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Adult height is associated with increased risk of ovarian cancer: A Mendelian randomisation study

  • Author(s): Dixon-Suen, SC
  • Nagle, CM
  • Thrift, AP
  • Pharoah, PDP
  • Ewing, A
  • Pearce, CL
  • Zheng, W
  • Chenevix-Trench, G
  • Fasching, PA
  • Beckmann, MW
  • Lambrechts, D
  • Vergote, I
  • Lambrechts, S
  • Van Nieuwenhuysen, E
  • Rossing, MA
  • Doherty, JA
  • Wicklund, KG
  • Chang-Claude, J
  • Jung, AY
  • Moysich, KB
  • Odunsi, K
  • Goodman, MT
  • Wilkens, LR
  • Thompson, PJ
  • Shvetsov, YB
  • Dörk, T
  • Park-Simon, TW
  • Hillemanns, P
  • Bogdanova, N
  • Butzow, R
  • Nevanlinna, H
  • Pelttari, LM
  • Leminen, A
  • Modugno, F
  • Ness, RB
  • Edwards, RP
  • Kelley, JL
  • Heitz, F
  • Du Bois, A
  • Harter, P
  • Schwaab, I
  • Karlan, BY
  • Lester, J
  • Orsulic, S
  • Rimel, BJ
  • Kjær, SK
  • Høgdall, E
  • Jensen, A
  • Goode, EL
  • Fridley, BL
  • Cunningham, JM
  • Winham, SJ
  • Giles, GG
  • Bruinsma, F
  • Milne, RL
  • Southey, MC
  • Hildebrandt, MAT
  • Wu, X
  • Lu, KH
  • Liang, D
  • Levine, DA
  • Bisogna, M
  • Schildkraut, JM
  • Berchuck, A
  • Cramer, DW
  • Terry, KL
  • Bandera, EV
  • Olson, SH
  • Salvesen, HB
  • Thomsen, LCV
  • Kopperud, RK
  • Bjorge, L
  • Kiemeney, LA
  • Massuger, LFAG
  • Pejovic, T
  • et al.

Published Web Location

https://www.nature.com/articles/s41416-018-0011-3.pdf
No data is associated with this publication.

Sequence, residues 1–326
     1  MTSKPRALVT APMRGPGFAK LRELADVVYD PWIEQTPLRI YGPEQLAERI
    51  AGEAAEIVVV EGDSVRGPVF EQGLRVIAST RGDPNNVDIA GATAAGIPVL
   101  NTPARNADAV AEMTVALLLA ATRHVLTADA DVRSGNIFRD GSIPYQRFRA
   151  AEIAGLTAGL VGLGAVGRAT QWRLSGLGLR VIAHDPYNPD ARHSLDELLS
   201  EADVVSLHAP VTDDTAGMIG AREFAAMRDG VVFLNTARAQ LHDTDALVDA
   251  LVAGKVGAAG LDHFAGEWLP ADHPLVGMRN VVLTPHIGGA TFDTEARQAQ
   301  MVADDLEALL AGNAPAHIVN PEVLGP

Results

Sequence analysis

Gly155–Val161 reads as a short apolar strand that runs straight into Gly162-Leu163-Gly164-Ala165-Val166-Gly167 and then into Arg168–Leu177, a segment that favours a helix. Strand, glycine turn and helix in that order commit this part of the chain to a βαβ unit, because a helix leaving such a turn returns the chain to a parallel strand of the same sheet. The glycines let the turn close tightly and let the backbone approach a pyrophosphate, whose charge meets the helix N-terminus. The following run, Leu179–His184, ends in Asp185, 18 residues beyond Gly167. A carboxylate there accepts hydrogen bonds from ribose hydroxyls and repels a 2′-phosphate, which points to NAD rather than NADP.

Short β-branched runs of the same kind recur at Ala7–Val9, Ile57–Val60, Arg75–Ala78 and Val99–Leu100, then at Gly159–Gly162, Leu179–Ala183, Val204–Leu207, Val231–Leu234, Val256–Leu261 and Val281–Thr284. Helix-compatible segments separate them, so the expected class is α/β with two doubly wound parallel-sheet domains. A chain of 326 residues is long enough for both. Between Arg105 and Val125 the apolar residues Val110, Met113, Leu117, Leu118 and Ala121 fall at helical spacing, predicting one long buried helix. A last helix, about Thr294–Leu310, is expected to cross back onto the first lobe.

Abstract

© 2018 Cancer Research UK. Background: Observational studies suggest greater height is associated with increased ovarian cancer risk, but cannot exclude bias and/or confounding as explanations for this. Mendelian randomisation (MR) can provide evidence which may be less prone to bias. Methods: We pooled data from 39 Ovarian Cancer Association Consortium studies (16,395 cases; 23,003 controls). We applied two-stage predictor-substitution MR, using a weighted genetic risk score combining 609 single-nucleotide polymorphisms. Study-specific odds ratios (OR) and 95% confidence intervals (CI) for the association between genetically predicted height and risk were pooled using random-effects meta-analysis. Results: Greater genetically predicted height was associated with increased ovarian cancer risk overall (pooled-OR (pOR) = 1.06; 95% CI: 1.01-1.11 per 5 cm increase in height), and separately for invasive (pOR = 1.06; 95% CI: 1.01-1.11) and borderline (pOR = 1.15; 95% CI: 1.02-1.29) tumours. Conclusions: Women with a genetic propensity to being taller have increased risk of ovarian cancer. This suggests genes influencing height are involved in pathways promoting ovarian carcinogenesis.

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